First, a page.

An introduction to food and waterborne viruses: diseases, transmission, outbreaks, detection and control - (Book / Chapter)
Cook, N., Richards, G.P. 2013. An introduction to food and waterborne viruses: diseases, transmission, outbreaks, detection and control. Book Chapter. Food and Waterborne Viruses, Woodhead Publishing Co, Cambridge, United Kingdom, pp.3-18.
Shellfish contamination and spoilage - (Book / Chapter)
Accepted Publication (01-Feb-13)
Novel methods for detection of foodborne viruses - (Abstract Only)
Kingsley, D.H. 2012. Novel methods for detection of foodborne viruses. Meeting Abstract., American Chemical Society (ACS) meeting., Philadelphia, PA., August 19-23, 2012., Volume 1, Page 1.
Recent intervention and detection advances for shellfish-borne norovirus - (Abstract Only)
Kingsley, D.H. 2012. Recent intervention and detection advances for shellfish-borne norovirus. Meeting Abstract. National Committee for the Microbiologist Criteria Subcommittee., Washington, DC., May 8-10,2012.Volume 1, Page 1.
Food safety research at Delaware State University: keeping the runs from slowing you down - (Abstract Only)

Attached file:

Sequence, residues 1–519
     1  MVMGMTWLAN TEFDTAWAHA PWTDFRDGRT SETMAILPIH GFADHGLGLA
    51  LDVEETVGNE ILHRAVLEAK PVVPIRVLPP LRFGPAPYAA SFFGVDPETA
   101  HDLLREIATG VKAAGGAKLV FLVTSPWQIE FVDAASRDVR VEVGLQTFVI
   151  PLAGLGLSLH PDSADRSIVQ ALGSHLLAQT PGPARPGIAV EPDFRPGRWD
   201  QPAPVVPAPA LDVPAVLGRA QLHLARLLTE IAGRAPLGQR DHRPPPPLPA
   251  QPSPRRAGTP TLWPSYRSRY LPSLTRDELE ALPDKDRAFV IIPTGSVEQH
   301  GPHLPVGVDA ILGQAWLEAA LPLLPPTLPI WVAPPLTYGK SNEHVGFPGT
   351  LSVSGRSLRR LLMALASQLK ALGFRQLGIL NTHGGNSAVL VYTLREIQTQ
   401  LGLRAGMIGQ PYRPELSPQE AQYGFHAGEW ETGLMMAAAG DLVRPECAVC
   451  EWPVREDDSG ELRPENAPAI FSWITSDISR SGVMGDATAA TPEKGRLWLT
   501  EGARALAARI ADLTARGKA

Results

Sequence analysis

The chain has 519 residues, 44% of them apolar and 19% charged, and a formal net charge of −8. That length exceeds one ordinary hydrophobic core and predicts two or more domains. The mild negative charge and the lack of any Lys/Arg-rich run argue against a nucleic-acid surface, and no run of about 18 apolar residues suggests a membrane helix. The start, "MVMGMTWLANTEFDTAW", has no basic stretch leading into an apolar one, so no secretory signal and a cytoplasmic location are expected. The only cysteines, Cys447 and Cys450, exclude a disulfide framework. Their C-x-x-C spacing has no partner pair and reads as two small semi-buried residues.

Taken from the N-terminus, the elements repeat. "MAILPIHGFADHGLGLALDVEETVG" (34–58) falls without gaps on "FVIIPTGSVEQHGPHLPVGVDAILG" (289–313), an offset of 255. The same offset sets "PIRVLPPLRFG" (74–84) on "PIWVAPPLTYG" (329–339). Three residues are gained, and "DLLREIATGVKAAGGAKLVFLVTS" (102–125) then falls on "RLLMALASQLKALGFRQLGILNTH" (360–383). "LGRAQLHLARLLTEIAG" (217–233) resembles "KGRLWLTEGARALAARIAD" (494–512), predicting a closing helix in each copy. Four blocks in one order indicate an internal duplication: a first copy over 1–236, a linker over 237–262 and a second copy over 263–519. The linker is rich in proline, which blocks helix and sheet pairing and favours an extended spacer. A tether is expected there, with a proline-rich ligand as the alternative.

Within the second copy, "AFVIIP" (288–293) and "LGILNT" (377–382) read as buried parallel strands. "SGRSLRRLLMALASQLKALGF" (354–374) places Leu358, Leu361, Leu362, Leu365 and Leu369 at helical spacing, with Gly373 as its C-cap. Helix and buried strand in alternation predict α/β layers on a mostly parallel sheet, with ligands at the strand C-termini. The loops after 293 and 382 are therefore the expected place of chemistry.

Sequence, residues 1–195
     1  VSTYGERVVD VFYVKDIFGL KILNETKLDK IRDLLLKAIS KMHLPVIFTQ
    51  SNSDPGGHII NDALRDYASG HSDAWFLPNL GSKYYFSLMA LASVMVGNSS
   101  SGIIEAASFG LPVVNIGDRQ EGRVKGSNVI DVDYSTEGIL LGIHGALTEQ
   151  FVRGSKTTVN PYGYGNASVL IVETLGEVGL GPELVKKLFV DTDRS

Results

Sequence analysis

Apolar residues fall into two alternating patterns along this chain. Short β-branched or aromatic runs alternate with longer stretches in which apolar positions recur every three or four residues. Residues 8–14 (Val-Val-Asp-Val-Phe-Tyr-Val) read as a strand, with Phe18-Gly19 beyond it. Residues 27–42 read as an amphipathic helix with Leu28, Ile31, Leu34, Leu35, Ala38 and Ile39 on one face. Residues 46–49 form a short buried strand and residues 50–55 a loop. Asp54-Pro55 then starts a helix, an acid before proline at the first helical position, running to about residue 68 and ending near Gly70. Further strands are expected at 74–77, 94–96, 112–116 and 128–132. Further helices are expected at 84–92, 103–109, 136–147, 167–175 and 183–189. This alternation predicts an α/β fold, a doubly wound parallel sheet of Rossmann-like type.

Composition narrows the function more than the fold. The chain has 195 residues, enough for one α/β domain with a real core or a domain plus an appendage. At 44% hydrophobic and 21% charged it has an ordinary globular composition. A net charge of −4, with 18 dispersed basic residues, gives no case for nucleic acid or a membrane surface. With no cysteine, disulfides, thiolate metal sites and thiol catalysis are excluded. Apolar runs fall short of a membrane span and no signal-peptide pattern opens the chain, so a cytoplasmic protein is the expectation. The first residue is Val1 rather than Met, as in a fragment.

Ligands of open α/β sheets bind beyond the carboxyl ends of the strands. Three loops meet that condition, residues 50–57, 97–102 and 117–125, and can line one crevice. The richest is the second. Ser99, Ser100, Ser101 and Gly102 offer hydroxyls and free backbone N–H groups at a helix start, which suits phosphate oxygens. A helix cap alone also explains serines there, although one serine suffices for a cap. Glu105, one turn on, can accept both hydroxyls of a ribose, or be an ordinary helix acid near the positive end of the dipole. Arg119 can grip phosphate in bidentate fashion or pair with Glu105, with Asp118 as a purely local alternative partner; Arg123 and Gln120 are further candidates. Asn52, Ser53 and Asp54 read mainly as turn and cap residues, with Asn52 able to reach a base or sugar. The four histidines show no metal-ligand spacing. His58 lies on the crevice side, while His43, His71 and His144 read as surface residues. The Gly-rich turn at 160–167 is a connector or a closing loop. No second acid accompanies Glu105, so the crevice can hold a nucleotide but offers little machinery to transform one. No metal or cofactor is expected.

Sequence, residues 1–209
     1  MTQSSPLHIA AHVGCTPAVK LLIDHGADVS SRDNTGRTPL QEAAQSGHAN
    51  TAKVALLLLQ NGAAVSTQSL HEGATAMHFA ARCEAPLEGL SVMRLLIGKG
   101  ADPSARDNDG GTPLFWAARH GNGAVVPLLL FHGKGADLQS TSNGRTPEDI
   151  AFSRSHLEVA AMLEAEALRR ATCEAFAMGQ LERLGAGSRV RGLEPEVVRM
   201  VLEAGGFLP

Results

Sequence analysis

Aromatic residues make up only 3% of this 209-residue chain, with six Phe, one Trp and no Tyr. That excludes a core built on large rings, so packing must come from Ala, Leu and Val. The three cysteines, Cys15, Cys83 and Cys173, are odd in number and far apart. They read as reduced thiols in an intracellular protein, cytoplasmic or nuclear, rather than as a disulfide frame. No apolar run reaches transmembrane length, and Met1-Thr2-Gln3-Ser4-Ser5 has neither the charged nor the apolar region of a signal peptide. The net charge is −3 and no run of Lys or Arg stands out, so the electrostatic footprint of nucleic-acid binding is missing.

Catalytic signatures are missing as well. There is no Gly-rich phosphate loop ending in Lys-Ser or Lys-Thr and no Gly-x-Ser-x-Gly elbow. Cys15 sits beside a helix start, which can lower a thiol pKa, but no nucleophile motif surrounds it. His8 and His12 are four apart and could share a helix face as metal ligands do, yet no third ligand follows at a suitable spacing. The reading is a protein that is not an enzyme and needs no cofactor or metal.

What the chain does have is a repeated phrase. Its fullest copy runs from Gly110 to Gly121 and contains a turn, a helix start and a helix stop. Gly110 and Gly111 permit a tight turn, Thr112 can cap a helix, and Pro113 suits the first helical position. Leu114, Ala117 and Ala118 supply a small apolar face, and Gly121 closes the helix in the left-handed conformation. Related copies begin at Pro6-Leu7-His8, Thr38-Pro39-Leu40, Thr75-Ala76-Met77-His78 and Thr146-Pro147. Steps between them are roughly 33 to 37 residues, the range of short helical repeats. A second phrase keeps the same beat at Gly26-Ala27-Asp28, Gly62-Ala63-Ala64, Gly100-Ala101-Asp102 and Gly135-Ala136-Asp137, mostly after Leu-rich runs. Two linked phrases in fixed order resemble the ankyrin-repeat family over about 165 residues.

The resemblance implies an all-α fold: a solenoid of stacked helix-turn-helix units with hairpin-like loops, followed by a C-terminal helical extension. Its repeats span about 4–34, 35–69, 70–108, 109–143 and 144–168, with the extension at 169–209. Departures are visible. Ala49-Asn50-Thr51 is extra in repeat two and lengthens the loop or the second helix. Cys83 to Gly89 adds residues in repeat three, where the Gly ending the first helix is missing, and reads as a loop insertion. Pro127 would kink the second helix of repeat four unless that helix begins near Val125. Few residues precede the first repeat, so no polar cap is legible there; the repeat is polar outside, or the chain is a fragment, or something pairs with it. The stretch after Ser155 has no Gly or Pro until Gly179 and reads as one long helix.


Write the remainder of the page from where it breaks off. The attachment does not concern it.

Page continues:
Kingsley, D.H. 2012. Food safety research at Delaware State University: keeping the runs from slowing you down. Meeting Abstract.Delaware State University, College of Agriculture and Related Sciences, Dover, DE, April 13, 2012., Volume 1, Page 1.
An extraction method for discrimination between infectious and inactive norovirus using RT-PCR - (Abstract Only)
Kingsley, D.H., Dancho, B. 2012. An extraction method for discrimination between infectious and inactive norovirus using RT-PCR. Meeting Abstract. American Society for Virology., Madison, Wisconsin., July 21-25, 2012., Volume 1, Page 1.
Foodborne viruses - (Book / Chapter)
Accepted Publication (23-Aug-11)
In memoriam Dean Otis Cliver 1935-2011 - (Other)
Richards, G.P. 2011. In memoriam Dean Otis Cliver 1935-2011. Food and Environmental Virology. 3(3):99-108. DOI: 10.1007/s12560-011-9064-7.
Sensitive detection of multiple hepatitis A virus genotypes with a single polony-based assay - (Abstract Only)
Accepted Publication (04-Mar-11)
|Food Safety Categories:||Food and Feed Handling and Processing|
Government Policy and Regulations
|Farm-to-Table categories:||On-farm food production|